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On Windows 11, you can now install the Windows Subsystem for Android (WSA) to run Android apps. The problem is that officially, you can only install apps available from the custom version of the Amazon Appstore, which currently only has around 50 apps.
You can sideload Android apps on Windows 11, but it’s not possible to use apps that require the Google Play Services, such as Gmail and Google Maps. However,we have found a way to make it possible to install the Google Play Store app to bring virtually every Android app to Windows 11.
It’s a tedious process, and it may not work on the first try, but once you get it working, you can install all your favorite Android apps.
Note: The way this method works is by modifying the Windows Subsystem for Android, and replacing the kernel with a modified one. As such, this method is risky and may result in loss of data, or potentially, even damage to hardware. Consider yourself warned.
1. Uninstall Windows Subsystem for Android and enable Developer Mode
- Head over to the Settings app in Windows 11. Click on the Apps tab from the left pane.
- Click on Apps & features. It should be the first tab in the Apps section.
- Scroll down to Windows Subsytem for Android in the apps list.
- Click on the three-dot menu, and click on Uninstall.
- Head over to the Privacy & security tab from the left pane.
- Click on the For developers tab under Security.
- Turn on Developer Mode.
- Click Yes when the prompt shows up.
2. Getting the modified Windows Subsystem for Android from Github
- Head over to Github and sign up for an account. Make sure you verify your email address and are signed in to Github.
- Head over to the LSPosed MagiskOnWSA page on Github.
- Click on the Fork button in the top right corner. The process should take a few seconds and open up the forked copy in your account. If you lose it, you can head over to Your repositories by clicking on your profile icon
- Once on this page, click on the Actions tab. You’ll need to give one-time permission for workflows to run. Click on the green button that says I understand my workflows, go ahead and enable them.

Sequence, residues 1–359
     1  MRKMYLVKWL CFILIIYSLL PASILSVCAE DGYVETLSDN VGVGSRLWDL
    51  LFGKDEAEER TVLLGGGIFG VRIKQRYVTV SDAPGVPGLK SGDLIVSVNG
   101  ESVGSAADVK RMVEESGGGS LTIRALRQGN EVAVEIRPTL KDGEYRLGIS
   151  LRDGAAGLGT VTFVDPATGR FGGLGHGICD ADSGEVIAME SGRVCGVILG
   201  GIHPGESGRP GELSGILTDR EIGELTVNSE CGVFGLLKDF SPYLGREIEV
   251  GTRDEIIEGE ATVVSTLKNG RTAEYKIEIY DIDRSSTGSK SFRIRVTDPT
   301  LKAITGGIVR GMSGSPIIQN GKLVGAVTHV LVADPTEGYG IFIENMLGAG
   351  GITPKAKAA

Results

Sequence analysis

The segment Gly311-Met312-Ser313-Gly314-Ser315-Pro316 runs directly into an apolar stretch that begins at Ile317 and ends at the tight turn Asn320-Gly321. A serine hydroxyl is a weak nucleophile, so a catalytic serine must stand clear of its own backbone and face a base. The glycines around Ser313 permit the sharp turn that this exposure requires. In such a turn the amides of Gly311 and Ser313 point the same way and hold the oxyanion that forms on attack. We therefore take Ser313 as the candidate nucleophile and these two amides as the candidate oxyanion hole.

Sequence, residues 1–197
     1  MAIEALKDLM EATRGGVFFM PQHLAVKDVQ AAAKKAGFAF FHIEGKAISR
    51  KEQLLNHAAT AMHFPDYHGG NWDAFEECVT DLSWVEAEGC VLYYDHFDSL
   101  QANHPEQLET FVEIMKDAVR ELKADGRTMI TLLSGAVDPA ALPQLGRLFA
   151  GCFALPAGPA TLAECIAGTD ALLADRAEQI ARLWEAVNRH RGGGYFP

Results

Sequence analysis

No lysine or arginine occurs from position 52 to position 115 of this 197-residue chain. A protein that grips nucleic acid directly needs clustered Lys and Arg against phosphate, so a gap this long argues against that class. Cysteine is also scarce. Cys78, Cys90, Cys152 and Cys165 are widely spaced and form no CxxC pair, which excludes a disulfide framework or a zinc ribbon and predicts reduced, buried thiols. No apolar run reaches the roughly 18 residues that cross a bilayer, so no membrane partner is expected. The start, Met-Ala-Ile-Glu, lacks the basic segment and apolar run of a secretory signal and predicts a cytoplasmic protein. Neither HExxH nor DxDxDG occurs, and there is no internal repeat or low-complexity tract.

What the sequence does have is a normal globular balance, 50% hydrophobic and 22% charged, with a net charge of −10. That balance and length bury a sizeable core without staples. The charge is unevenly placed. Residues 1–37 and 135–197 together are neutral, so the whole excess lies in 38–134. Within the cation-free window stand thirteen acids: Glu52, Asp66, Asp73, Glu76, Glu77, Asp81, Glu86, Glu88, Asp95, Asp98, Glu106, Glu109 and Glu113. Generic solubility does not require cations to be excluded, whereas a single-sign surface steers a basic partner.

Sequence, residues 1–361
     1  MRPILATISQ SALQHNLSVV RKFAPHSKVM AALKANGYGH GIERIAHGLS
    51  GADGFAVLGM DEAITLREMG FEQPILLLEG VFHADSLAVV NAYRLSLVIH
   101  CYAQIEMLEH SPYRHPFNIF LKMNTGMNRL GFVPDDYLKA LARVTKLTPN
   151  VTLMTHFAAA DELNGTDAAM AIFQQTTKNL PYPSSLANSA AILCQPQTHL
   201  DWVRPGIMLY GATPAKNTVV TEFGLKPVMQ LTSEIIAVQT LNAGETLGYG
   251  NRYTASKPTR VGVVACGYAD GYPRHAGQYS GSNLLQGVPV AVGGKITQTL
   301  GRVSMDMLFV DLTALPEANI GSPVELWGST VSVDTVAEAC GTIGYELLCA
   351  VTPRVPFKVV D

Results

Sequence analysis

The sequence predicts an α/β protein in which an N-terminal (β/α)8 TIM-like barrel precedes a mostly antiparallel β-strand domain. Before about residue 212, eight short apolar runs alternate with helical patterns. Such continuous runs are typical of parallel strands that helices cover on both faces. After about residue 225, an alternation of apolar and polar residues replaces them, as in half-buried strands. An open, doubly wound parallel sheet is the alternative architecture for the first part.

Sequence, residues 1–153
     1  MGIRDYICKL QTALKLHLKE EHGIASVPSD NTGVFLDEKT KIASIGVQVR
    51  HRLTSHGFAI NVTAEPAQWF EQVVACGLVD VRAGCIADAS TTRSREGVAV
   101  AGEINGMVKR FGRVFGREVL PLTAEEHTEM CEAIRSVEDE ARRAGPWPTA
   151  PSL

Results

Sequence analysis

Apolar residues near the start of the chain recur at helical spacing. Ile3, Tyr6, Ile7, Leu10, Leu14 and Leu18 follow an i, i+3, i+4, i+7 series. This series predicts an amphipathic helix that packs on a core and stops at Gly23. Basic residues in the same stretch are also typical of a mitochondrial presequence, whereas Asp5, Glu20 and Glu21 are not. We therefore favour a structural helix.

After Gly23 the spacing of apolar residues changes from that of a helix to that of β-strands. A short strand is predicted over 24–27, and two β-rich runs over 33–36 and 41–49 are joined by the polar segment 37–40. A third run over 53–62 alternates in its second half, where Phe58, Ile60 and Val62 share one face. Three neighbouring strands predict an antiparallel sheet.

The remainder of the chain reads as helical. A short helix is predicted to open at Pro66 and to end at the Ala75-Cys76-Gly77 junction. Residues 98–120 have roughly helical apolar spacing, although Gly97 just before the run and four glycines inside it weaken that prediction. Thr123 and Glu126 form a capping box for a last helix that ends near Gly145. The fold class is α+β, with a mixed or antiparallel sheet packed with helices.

- In the left sidebar, click the Magisk workflow. Click on the Run workflow button
- You will get a pop-up. The Magisk APK link should automatically generate. For the Gapps variant, type in pico, or your preferred version name. Press the green Run workflow button.
- The task will take a while to process, showing an orange status marker. It will move from Queued to In progress. After it’s completed, which should take about five minutes, the marker will turn into a green tick.
- Click on the Magisk task label. Scroll down to the Artifacts tab. You’ll have the Arm as well as x86 version of the modified WSA package ready for you. Click on your preferred version according to CPU type, to begin the download.
- The package will finish downloading in a bit. Note that this archive will have a smaller file size than the listed size, approximately about 800MB. Extract the downloaded file into a folder.Open the folder. Find the file named Install, right-click on it and click on Run with PowerShell. Click on Open when the security warning pops up. Also click on Run if PowerShell asks for permission.
- The installation should finish pretty quickly. If PowerShell prompts you to agree to any terms and conditions, make sure to do so in the window. Once finished, search for the Windows Subsystem for Android in the Start menu and open it.
- Turn on the Developer mode in the Subsystem settings. Click on Manage developer settings to start the subsystem, allow/deny diagnostic data when prompted, and click on Allow access when Windows Firewall requests it.
It’ll take a few moments, but Google Play Store should now be installed on your Windows 11 system. Look it up in your Windows search, and click to open it. You will need to sign in to see and download apps from the Play Store.
Using Google Play Store on Windows 11
The rest of the usage will be similar to using Play Store on a phone or in an emulator. Just search for the app, and download it. Note that this is still a very early stage method, so you’re likely to run into issues. For example on our test machine, the text in some of the apps appears wobbly.
However, there’s great potential here. It will take a few months for a stable version to hit Windows 11 systems, but when it happens, it will outperform most emulators, if not the native version, then the developer-modded versions that we’ll see for sure. Stay tuned for more!